Many folates exist in nature, but they can also be manufactured by chemical synthesis. For purposes of this application, the term folate encompasses both naturally occurring and synthetic forms.
 Folates can be used as a single chemical species or a mixture of two or more species. It is anticipated that a mixture of folates may be more effective than a single species. For example, the UV absorption spectra of folic acid and folinic acid cover a broader spectrum of absorption than either compound alone.
 Some of the folates of the invention can be obtained commercially from a number of sources. Folic acid, folinic acid and 5-methyltetrahydrofolate acids are available from Sigma Chemical Co., St Louis Mo. Other folates that are not commercially available can be prepared by a chemist of ordinary skill in the art, (see U.S. Pat. No. 5,410,056, which is incorporated by reference in its entirety).
 Conjugates of the folates such as those with amino acid side chains can be prepared by published methods (see Ayling, J. and Baugh, N., Chemistry and Biology of Pteridines and Folates, 1993, Plenum Press New York, which is hereby incorporated by reference in its entirety).
 The folates of the invention need not be highly purified. Mixtures of partially purified folates can be used. Folates or combinations of folates can be tested for their ability to protect cells from UV light, by using the a screen such as the human fibroblast cell culture system described herein. The folates to be tested would be added to cultures of mammalian cells before, during or after exposure to UV light. Folates that are effective blocks to UV light would increase cell survival.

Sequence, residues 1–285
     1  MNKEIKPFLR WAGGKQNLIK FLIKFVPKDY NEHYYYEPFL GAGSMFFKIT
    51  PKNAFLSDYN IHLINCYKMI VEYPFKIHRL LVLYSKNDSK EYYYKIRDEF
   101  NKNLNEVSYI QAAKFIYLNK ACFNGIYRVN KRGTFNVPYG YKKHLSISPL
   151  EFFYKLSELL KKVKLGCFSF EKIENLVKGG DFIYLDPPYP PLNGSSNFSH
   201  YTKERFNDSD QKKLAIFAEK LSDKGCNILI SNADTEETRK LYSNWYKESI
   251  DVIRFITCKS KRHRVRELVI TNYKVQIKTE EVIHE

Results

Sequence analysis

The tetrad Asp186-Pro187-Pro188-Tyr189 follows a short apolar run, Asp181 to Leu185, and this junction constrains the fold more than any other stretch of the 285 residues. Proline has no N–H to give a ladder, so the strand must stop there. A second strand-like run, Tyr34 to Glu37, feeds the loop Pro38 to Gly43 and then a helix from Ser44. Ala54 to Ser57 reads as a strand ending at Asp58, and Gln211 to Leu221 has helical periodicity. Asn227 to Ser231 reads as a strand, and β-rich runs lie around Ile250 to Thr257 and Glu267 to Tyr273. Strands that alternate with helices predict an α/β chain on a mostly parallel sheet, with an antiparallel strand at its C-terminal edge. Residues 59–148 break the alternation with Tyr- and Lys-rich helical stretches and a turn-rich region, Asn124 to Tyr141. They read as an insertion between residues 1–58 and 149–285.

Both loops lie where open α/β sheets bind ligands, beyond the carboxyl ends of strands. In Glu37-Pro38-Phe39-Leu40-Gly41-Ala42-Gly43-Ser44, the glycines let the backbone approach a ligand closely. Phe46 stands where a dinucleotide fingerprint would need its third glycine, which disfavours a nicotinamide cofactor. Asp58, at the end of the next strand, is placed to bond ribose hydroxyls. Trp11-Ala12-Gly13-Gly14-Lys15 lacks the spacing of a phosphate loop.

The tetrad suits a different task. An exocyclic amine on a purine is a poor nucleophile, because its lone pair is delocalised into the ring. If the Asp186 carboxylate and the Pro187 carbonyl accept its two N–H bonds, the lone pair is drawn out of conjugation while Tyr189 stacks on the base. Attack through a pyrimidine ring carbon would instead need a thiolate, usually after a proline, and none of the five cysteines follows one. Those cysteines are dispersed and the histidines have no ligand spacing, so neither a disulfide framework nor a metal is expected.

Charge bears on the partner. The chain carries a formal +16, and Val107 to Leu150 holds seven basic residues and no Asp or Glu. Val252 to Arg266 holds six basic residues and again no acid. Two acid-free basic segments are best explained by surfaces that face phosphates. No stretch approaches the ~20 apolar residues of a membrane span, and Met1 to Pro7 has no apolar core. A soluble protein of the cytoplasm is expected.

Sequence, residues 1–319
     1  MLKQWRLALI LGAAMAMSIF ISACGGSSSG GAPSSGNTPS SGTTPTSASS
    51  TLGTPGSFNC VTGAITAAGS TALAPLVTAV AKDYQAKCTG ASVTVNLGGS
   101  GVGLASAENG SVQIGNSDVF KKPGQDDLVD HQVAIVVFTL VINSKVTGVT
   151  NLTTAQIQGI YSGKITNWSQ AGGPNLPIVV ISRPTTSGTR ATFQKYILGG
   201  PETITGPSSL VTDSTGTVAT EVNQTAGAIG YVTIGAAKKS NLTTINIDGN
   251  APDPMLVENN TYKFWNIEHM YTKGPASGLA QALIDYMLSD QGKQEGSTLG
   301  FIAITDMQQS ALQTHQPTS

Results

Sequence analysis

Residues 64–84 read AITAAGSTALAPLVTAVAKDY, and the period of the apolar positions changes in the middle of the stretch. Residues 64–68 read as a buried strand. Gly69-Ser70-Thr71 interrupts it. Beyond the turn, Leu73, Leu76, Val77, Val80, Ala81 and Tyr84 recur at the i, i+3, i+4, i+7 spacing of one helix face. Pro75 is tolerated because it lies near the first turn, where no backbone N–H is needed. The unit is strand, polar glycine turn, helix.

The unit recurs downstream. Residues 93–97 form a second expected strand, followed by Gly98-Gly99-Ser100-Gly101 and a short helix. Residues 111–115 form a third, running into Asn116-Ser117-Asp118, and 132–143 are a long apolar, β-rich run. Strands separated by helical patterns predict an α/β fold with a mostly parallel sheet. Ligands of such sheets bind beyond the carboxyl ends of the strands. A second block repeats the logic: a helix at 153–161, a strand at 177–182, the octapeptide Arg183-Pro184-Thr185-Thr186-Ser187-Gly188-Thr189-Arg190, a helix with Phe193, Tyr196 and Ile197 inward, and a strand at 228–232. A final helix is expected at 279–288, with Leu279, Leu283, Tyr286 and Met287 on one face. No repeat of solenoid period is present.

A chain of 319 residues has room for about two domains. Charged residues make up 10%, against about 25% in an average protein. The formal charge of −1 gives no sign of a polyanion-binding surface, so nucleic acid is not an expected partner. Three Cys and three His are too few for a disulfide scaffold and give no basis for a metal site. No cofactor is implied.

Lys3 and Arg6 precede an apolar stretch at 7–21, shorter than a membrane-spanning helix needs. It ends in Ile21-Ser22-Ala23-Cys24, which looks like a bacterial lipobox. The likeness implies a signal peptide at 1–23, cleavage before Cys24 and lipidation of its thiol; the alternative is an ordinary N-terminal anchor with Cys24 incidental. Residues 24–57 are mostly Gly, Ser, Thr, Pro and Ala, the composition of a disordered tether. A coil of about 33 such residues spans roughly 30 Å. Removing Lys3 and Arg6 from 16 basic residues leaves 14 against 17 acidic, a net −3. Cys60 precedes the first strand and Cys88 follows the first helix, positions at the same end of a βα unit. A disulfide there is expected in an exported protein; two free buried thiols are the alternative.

A detailed description of these vitamins including dietary reference intake recommendations and lack of side effects for these vitamins can be found in “Dietary Reference Intakes for Thiamin, Riboflavin, Niacin, Vitamin B6, Folate, Vitamin B12, Pantothenic Acid, Biotin and Choline” A Report on the Scientific Evaluation of Dietary Reference Intakes and its Panel on Folate, Other B Vitamins, and Choline and Subcommittee on Upper Reference Levels of Nutrients. Food and Nutrition Board Institute of Medicine. National Academy Press, Washington D.C. 1998. The above document is included in the present application by reference in its entirety.